DBQ Mechanization of the Cotton Industry in Japan and India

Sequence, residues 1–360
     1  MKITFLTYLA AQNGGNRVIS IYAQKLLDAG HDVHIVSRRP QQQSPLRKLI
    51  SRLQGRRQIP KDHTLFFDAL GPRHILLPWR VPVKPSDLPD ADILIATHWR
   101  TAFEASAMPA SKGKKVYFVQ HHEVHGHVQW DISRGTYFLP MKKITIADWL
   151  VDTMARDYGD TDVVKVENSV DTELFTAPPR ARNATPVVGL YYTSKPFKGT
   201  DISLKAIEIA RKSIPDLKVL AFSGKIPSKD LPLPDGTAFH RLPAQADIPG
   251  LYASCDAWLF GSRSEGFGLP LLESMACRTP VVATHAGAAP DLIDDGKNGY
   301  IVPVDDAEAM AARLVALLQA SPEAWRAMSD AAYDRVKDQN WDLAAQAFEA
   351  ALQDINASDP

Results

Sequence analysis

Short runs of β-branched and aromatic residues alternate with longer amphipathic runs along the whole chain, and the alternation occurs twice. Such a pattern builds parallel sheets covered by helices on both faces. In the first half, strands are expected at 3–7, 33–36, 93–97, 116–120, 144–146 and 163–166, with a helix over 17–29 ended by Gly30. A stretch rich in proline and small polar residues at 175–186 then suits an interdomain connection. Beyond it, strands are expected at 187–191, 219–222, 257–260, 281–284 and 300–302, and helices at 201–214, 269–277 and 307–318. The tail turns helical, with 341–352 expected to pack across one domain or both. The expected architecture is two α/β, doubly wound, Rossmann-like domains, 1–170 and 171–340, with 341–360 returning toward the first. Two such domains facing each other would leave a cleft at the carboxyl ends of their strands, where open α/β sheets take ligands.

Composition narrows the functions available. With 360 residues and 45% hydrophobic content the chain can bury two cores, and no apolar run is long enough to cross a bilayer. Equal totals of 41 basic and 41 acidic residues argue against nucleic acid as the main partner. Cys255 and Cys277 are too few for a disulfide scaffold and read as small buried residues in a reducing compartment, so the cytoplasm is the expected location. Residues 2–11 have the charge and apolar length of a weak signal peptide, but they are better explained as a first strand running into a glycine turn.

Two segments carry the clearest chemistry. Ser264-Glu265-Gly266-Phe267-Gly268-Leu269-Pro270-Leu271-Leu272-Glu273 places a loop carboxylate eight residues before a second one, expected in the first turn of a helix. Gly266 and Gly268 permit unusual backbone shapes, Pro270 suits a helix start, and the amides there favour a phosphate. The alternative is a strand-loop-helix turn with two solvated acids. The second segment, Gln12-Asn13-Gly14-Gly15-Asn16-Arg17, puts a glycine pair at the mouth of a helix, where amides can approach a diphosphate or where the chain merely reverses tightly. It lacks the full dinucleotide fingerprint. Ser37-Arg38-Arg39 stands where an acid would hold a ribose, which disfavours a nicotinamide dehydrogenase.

During the period between the 1880’s and 1930’s both Japan and India showed great increases in the use of machines to produce cotton and yarn products. While demand for these products increased, demand for workers also increased. Both countries recruited these laborers in similar fashions. Major differences between Japan and India during this time period were gender differences in workers and their working conditions. Documents 1, 2, and 6 all show the increased use of machines in both Japan and India. The production of cotton yarn and cloth chart in India (Doc 1) displays India’s increasing use of machines to create greater quantities of yarn and cloth from 1884 to 1914. Hand-spun yarn steadily decreases as the machine-spun yarn steadily increases while machine-made cloth quickly matches hand-woven cloth production. This chart proves the use of machines accumulation. The production of cotton and yarn in Japan chart (Doc 2) displays the increase in both hand spun and machine spun productions as the demand for product grows. This document simply confirms the massive demand and absorbing application for workers. An additional document comparing machine-spun to hand-spun would be helpful to accurately compare the difference in increased machine use with India. The Indian economist in (Doc 6) explains the undeniable case that hand-woven wavers simply cannot compete with the machines. As an economist, the author may be over exaggerating the rise of mechanization because he knows manufacturing with machines is entirely more efficient in cost and time efficiency and therefore will boost the economy. Document 6 presents India’s step towards a more mechanized cloth industry. Documents 4, 5, and 9 all talk about how workers are recruited from peasant families. (Doc 5) Describes cheap workers deriving from farming communities in Japan. Those communities who have surplus workers are sent to industrial centers to...
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